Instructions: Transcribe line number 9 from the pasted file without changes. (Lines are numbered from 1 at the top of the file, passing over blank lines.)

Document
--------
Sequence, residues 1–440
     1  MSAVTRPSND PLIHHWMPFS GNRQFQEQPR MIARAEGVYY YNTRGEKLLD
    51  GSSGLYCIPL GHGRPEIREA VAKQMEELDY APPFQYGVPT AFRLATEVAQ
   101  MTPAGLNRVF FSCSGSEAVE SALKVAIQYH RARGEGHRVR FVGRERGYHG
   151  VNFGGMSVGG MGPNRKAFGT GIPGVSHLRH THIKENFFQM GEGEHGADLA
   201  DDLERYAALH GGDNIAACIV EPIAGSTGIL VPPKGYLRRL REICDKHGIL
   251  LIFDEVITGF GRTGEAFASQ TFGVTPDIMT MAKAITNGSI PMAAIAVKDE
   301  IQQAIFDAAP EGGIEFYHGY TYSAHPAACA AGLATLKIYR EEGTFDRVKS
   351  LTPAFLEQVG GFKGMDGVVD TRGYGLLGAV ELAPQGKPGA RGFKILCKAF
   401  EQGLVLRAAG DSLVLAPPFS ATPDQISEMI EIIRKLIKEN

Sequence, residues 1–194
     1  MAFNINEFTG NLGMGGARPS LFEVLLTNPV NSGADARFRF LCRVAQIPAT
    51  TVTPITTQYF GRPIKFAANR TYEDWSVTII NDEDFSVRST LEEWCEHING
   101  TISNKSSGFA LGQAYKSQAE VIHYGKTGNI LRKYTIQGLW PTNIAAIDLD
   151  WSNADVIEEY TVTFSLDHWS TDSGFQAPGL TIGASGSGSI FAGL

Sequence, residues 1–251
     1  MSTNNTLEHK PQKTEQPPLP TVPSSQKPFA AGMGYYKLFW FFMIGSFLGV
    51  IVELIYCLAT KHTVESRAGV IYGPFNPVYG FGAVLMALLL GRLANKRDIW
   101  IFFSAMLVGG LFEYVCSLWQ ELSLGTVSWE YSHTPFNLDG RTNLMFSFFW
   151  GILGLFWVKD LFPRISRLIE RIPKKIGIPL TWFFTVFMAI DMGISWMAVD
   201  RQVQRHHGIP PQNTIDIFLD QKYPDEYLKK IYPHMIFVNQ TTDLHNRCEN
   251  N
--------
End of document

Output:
   351  LTPAFLEQVG GFKGMDGVVD TRGYGLLGAV ELAPQGKPGA RGFKILCKAF